Those "temporarily able-bodied" readers (also known as tabs or tabbies) will get a strong sense from this novel that students with disabilities should be treated as people first, teenagers second, and owners of disabilities only a distant third. Most young people think and feel deeply about their own abilities and compare themselves constantly to others. This is one of the biggest common denominators possessed by teens of all ages and abilities as they come to terms with their personal strengths and weaknesses. Today, friends come in all sizes, shapes and abilities. Unfortunately, in my own opinion, growing up in the past with a disability has often meant exclusion from too many circles and from all too many of life's opportunities. Great and ever-advancing progress in the field of electronic invention has helped to break down the boundaries between the formerly quite separate worlds of ability and disability.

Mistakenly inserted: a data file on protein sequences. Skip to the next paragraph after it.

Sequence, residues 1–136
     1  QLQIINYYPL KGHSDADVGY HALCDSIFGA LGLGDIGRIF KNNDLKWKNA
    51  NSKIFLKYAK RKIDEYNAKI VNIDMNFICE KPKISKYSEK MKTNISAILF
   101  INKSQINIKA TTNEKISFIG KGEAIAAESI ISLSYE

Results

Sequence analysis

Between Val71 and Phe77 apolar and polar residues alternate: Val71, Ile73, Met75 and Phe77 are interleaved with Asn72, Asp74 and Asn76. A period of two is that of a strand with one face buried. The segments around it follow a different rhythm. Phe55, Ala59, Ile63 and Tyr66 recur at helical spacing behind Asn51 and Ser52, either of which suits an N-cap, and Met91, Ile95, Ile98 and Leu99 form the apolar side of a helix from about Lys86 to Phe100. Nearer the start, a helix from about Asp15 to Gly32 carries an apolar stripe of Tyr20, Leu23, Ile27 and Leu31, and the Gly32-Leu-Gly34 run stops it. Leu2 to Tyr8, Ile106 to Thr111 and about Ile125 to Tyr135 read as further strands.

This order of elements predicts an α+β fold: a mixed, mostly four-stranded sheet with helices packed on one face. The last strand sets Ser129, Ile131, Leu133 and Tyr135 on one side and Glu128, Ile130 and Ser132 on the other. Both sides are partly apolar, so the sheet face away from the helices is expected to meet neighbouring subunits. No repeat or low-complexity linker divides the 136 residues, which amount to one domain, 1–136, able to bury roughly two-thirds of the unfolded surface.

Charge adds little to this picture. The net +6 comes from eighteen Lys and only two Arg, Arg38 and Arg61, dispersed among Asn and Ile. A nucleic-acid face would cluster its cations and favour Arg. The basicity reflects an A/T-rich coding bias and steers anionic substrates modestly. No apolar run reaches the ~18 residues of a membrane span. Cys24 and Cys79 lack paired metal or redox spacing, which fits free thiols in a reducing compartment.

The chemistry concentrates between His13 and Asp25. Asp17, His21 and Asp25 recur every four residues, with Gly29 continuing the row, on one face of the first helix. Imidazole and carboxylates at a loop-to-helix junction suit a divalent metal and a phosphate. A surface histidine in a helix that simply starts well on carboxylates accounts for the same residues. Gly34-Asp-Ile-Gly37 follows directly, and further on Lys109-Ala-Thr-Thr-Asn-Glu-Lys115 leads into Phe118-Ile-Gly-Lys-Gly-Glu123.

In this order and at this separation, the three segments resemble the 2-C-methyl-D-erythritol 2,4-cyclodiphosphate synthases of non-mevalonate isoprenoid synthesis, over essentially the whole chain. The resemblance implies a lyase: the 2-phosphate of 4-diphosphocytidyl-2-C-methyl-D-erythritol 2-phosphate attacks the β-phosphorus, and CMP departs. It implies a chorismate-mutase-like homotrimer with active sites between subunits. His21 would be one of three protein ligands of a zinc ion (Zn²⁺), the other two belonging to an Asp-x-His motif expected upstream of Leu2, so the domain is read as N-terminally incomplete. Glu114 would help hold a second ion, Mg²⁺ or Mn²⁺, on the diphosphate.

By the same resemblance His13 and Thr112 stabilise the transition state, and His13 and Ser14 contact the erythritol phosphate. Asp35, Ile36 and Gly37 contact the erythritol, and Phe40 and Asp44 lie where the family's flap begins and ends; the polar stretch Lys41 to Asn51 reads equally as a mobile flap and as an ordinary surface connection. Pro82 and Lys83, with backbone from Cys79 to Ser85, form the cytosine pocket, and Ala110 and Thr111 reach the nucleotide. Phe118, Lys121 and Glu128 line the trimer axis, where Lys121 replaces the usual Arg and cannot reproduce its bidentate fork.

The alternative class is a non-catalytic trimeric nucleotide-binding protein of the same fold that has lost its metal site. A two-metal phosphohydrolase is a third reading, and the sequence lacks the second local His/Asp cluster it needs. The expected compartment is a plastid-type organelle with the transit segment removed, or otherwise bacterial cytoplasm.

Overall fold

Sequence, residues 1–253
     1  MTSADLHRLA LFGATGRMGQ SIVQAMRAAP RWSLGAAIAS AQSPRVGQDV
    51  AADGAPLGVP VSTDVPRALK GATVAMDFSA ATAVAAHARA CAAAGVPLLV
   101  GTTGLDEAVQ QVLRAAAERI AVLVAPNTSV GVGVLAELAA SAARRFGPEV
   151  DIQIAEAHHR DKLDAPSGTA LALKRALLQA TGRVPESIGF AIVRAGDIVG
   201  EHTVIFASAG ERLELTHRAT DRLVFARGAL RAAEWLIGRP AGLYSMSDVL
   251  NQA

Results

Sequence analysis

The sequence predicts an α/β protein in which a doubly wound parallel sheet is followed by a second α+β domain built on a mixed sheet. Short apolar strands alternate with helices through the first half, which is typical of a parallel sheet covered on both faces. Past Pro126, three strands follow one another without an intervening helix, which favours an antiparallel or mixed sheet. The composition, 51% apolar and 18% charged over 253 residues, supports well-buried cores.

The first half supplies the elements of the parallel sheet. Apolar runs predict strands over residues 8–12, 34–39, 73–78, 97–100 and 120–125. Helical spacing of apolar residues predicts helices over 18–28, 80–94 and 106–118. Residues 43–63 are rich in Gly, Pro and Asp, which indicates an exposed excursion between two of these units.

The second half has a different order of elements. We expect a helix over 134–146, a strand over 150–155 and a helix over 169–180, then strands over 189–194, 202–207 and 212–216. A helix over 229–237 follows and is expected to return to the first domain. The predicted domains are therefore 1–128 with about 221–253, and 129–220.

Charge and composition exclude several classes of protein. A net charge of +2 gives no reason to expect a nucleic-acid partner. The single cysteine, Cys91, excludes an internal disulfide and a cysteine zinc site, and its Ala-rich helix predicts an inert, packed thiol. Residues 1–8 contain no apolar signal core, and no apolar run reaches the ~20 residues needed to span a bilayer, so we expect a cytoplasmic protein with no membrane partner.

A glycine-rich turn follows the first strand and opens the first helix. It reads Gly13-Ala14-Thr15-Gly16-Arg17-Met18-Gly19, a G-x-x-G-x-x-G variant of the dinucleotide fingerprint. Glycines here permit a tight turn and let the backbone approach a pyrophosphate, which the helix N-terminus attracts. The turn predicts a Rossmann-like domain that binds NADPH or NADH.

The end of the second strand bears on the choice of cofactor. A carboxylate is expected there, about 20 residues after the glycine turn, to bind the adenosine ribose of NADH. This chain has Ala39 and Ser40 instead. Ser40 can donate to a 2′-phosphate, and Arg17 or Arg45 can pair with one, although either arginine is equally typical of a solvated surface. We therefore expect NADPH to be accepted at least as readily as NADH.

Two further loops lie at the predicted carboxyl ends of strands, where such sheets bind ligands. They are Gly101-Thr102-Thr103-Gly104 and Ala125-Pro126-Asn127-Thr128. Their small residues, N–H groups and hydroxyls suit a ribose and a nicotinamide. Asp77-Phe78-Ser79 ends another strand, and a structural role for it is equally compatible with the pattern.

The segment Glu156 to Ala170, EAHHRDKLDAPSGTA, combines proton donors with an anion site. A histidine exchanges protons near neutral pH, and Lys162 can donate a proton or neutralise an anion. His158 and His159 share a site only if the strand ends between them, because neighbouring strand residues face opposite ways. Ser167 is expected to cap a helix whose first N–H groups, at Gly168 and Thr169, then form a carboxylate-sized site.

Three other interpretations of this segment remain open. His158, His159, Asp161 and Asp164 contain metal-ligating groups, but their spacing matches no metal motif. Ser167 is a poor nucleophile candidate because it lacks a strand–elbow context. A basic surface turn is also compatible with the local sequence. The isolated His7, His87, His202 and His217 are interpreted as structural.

In this book, we clearly see that a person with limited manual dexterity must successfully master and often test the limits of self-control and patience just to execute the smallest of tasks. Among people with physical disabilities, simply being able to lift up a friend's drooped head is regarded as a valuable contribution. Readers see a clear contrast between the manner in which assistance to people with disabilities can touch the lives of their clients with lighthearted kindness and understanding, or with unnecessarily negative "drag." We encounter an able-bodied V.P.-a trustworthy character who clearly values his role as friendly mentor to the budding student-writer he recognizes and supports in Tallia. And we are given a sense of the deep reservoirs of courage which some students need as they face depressingly short, uncertain life-spans. Young people who wish to become care-givers and volunteers to those with physical disabilities would benefit greatly from reading and understanding the issues brought to light in Sparrows on Wheels.